Paris-born Interior Designer Janine Ducoin-Arnold infuses her Larchmont home with understated French elegance.
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The majestic view of the house from the verdant garden makes it hard to believe that it was once a three-bedroom ranch.
It is only natural for a dwelling to reflect its owner, even more so when the owner of the house happens to be an accomplished interior designer. In the case of Paris-born Janine Ducoin-Arnold, every room in her elegant Larchmont home is imbued with some aspect of her own gracious French style.
Shades of blue ebb and flow throughout the interiors like a tranquil meandering brook. Ducoin-Arnold is also fond of yellows, and she uses the two colors in both a traditional French Provençal sense, with its country chic style and vibrant shades, as well as to create an understated aesthetic. Those warm and cool hues capture perfectly the essence of this former vice president for French bank CCF, who put aside her legal career when she was expecting her first child. “The part-time requirements were too much,” Ducoin-Arnold recalls. “Instead, I used my pregnancy as an opportunity for a career change.”
Though she had always had an interest in interior design, it was not on her career radar as a child. “France is the kingdom of ‘Do it yourself,’” Ducoin-Arnold says with a smile. “There wasn’t really a market for interior designers.”
Still, she admits that her passion for design was first piqued in her native country. Growing up in a small apartment on the outskirts of Paris, Ducoin-Arnold remembers her mother rearranging the furniture every weekend. “It was her way of changing the décor,” recalls the designer, who loved to help her mother “stage” the rooms each week. “It provided an outlet for my mother, and I suppose I caught the bug.”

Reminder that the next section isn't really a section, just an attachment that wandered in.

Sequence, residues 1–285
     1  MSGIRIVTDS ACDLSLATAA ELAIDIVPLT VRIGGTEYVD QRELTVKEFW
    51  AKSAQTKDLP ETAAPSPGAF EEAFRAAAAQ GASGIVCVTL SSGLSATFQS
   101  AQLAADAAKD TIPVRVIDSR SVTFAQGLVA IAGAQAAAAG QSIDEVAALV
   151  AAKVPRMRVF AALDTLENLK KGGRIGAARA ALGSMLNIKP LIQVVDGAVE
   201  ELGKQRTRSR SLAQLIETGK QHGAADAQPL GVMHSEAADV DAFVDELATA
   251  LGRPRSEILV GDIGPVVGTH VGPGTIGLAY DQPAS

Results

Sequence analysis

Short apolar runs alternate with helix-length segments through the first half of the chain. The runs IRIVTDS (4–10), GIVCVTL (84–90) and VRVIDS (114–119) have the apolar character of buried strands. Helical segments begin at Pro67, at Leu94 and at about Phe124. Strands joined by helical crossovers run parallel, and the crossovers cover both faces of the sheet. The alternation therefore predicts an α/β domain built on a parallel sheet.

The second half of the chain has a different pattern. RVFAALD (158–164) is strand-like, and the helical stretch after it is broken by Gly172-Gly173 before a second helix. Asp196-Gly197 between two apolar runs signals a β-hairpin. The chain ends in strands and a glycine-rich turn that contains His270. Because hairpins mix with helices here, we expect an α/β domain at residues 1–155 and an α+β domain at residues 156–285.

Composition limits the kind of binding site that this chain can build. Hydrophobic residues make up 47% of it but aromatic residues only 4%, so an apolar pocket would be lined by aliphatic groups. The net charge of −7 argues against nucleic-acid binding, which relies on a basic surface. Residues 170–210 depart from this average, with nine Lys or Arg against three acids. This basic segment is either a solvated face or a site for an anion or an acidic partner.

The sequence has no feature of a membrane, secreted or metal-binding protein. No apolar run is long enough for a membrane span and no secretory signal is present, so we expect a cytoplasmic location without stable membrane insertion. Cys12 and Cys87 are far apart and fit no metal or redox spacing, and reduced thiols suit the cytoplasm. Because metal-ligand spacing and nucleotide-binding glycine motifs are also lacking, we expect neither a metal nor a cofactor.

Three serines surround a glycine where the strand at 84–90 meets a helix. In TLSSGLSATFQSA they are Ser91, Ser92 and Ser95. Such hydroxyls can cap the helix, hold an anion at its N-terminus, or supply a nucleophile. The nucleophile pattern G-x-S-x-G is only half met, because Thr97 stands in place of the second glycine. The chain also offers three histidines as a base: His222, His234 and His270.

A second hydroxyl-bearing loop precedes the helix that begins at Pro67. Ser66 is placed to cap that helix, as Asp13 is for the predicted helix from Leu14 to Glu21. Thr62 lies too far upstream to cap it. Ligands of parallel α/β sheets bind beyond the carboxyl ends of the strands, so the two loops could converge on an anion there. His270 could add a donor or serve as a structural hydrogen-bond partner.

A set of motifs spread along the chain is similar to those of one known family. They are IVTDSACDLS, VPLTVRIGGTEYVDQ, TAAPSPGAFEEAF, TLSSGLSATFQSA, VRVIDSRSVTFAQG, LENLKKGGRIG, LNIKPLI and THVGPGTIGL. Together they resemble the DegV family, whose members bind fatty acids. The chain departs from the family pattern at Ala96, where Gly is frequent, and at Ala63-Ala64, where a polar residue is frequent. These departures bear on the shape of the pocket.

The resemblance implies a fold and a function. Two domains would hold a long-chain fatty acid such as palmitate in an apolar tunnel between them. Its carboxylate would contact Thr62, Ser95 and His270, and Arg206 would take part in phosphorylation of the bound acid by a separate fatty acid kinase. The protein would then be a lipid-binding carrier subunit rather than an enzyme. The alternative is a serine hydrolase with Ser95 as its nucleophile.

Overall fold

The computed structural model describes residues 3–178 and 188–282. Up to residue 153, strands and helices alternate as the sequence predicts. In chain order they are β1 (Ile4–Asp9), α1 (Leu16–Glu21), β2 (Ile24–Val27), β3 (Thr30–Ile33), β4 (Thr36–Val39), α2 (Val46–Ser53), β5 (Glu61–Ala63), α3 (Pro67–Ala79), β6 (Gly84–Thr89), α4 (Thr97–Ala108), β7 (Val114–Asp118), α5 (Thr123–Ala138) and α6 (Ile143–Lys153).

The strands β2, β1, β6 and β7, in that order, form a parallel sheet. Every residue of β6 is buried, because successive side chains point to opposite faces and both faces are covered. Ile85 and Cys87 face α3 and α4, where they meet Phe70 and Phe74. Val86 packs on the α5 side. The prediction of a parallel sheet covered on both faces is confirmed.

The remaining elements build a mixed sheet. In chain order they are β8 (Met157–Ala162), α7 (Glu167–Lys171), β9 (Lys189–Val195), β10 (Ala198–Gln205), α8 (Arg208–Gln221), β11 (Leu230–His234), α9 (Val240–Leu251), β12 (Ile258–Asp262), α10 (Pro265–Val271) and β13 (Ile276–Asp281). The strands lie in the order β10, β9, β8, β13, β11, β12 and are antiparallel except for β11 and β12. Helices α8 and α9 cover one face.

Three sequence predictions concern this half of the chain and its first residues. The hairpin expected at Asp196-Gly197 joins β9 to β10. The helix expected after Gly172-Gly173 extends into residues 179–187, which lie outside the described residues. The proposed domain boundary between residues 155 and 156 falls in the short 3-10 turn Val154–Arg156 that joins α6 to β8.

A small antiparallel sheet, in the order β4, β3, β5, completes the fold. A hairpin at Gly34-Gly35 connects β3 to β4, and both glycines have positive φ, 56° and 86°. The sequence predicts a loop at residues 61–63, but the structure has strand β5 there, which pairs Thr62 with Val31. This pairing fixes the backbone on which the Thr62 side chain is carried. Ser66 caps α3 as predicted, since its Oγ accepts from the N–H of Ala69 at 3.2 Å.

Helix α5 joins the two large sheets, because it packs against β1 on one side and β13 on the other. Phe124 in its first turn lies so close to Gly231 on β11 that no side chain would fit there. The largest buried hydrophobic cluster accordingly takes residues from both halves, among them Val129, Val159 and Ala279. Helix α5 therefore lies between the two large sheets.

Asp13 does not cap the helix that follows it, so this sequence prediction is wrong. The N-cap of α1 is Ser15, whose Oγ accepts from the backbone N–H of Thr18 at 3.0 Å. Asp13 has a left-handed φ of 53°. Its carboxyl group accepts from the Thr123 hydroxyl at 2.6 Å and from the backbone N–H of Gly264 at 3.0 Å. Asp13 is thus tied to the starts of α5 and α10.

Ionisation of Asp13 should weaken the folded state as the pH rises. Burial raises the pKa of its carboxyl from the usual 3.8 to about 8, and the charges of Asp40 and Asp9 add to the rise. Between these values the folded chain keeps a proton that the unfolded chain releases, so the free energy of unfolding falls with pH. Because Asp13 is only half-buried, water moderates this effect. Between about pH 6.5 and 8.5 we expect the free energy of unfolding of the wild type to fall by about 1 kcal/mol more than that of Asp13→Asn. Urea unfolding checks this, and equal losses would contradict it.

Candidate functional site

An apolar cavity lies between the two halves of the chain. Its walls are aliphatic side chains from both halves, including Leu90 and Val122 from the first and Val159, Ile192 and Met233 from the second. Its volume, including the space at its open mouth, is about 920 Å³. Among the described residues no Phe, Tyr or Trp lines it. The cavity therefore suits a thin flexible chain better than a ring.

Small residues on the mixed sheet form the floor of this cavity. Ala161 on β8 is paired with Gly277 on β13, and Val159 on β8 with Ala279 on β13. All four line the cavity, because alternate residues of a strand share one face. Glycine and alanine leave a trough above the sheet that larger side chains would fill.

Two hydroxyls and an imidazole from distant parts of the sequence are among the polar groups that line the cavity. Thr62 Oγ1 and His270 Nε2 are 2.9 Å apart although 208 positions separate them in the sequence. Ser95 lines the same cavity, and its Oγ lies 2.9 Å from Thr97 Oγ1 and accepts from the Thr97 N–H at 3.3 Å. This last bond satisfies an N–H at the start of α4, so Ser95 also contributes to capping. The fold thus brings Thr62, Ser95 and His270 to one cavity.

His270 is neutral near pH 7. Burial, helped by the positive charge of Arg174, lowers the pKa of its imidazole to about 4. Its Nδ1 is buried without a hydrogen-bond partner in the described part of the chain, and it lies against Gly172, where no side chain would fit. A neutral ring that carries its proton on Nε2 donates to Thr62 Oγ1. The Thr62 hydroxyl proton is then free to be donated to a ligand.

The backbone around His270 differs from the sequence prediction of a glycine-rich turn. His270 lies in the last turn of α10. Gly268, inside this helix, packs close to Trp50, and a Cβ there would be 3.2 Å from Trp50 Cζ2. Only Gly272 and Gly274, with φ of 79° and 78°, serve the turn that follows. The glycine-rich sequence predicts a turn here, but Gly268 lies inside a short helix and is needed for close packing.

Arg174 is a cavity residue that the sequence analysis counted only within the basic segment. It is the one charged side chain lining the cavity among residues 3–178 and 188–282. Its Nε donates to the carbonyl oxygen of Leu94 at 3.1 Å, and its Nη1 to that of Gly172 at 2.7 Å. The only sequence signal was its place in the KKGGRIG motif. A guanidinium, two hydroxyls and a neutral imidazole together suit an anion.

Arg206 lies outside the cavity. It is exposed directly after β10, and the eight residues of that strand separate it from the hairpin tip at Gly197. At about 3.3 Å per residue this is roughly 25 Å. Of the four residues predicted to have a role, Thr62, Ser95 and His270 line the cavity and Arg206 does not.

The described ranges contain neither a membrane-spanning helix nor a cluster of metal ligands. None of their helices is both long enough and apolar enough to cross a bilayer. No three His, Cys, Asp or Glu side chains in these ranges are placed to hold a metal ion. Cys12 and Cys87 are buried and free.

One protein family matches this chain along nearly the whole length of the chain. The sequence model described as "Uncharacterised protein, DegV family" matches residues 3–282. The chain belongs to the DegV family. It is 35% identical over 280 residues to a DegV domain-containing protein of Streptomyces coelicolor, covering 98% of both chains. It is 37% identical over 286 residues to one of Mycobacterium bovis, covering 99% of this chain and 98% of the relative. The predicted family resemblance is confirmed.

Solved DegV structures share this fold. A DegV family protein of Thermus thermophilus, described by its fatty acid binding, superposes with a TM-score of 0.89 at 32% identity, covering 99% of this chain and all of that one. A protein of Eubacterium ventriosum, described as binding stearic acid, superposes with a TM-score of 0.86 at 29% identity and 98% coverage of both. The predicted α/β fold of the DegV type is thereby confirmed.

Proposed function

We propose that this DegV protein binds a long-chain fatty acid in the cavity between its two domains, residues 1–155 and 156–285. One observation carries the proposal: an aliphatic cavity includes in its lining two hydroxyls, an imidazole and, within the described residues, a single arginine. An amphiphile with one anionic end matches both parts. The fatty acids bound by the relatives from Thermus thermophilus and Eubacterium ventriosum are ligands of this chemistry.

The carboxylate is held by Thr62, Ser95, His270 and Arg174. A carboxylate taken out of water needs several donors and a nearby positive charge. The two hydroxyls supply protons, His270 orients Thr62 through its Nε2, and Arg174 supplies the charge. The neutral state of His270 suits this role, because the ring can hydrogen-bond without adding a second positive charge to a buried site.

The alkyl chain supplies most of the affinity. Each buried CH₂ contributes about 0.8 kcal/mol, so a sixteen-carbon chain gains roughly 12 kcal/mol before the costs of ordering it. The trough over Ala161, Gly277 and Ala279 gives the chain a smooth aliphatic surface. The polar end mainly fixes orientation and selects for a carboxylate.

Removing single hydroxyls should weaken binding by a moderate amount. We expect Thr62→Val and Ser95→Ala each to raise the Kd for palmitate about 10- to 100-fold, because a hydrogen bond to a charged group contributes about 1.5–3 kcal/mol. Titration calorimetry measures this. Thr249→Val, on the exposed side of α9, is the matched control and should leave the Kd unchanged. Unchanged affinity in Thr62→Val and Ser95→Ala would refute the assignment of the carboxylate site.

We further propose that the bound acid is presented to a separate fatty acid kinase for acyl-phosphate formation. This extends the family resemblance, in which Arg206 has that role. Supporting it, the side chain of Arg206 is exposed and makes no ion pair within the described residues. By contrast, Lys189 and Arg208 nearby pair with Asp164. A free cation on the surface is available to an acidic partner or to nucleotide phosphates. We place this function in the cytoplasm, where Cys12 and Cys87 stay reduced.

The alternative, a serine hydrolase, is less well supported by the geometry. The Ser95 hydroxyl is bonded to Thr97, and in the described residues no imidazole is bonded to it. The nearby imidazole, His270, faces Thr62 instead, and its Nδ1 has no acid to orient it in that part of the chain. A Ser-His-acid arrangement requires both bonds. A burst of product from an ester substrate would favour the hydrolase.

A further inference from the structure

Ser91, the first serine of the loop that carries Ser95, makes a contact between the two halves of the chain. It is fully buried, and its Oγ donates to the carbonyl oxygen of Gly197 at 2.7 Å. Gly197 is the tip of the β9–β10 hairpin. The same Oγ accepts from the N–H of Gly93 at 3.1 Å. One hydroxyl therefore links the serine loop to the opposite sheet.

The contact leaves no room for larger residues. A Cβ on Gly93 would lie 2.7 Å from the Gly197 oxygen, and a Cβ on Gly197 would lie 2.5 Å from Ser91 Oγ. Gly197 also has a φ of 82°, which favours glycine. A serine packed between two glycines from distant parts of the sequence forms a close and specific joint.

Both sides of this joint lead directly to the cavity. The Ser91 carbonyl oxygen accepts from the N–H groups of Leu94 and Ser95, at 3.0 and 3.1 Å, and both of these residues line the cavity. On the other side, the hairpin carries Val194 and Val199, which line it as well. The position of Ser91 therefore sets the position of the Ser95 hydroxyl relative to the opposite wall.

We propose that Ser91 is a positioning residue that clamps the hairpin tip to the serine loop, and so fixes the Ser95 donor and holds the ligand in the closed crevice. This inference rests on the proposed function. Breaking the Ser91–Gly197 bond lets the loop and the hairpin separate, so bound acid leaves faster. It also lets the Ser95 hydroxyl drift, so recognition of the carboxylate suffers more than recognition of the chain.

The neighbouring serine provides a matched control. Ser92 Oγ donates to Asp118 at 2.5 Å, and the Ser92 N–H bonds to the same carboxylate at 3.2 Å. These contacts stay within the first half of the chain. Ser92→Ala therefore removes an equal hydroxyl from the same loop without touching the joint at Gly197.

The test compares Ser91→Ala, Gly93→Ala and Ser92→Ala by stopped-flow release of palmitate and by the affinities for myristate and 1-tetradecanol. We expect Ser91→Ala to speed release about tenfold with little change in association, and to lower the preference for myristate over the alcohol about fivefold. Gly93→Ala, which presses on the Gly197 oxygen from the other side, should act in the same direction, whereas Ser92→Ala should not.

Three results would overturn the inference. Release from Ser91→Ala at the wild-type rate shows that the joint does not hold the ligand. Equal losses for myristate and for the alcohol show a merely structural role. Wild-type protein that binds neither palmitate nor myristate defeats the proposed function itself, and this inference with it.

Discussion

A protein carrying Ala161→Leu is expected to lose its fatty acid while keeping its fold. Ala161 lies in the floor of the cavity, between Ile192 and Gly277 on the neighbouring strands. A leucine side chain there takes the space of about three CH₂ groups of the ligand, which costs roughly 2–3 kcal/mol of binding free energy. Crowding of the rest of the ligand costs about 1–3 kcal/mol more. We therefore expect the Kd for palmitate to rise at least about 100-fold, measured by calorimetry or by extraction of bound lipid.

It certainly took an interior designer’s vision to imagine the possibilities in the unassuming split-level that Ducoin-Arnold first saw on this private cul-de- sac in 1996. And it took both serious talent and uncommon flair to transform the 1940s-era three-bedroom house into its current incarnation: a tasteful center-hall Colonial that looks as if it has been imbedded in the local granite forever.
There were certain elements about the house and its property that attracted Ducoin-Arnold right from the start. After growing up in France and living in London for some years, she wanted a space with high ceilings, not the eight-foot ones found in the typical American home. The split-level fit the bill nicely, since it enabled her to expand upward, making the ceilings as lofty as she desired. Having developed a love for gardening when her family lived in London, she also was drawn to the generous property.
The designer was so excited upon first seeing the house that she stayed up all night madly sketching plans. Though she managed to keep its footprint, Ducoin-Arnold ended up with a finished product that bears no resemblance to the original home’s interior or exterior. She worked with architects Clark Neuringer of Mamaroneck and Arthur Wexler of Larchmont to refine her ambitious designs and Putnam Valley-based contractor ASC Remodeling to implement them. Not only did she add an additional story, she also pushed out the walls of the living room, kitchen, and sunroom.
One of the greatest accomplishments was the transformation of the original home’s front hall into a grand double-height entryway featuring a dramatic circular staircase curling up to the second floor. This stately room foreshadows the elegance of the rest of the house. The wallpaper here mimics blocks of stone, and a baby grand piano is nestled beside the stairway.
Two large-scale, hand-painted Chinese screens set the tranquil tone of the formal living room. Ducoin-Arnold bought the silk panels from Gracie, a New York importer of Chinese papers. The pair flank a pine fireplace mantel with detailed carvings of rams, cupids, and flowers that Ducoin-Arnold inherited from her grandmother. While she has no idea of its provenance, she has taken it with her everywhere, installing it in nearly all of her abodes on both sides of the Atlantic.
“Anything with memory attached to it—whether it’s a memento from a trip or a gift from family or friends—adds character to a home,” says the designer, who believes that pieces with sentimental value are the soul of a house. “These things can be the inspiration for design.” There’s plenty of evidence throughout the room of Ducoin-Arnold’s travels, from the vargueno, a 17th-century portable desk that she found in Spain to the many pieces of decorative porcelain purchased on her trips to Taiwan and Hong Kong.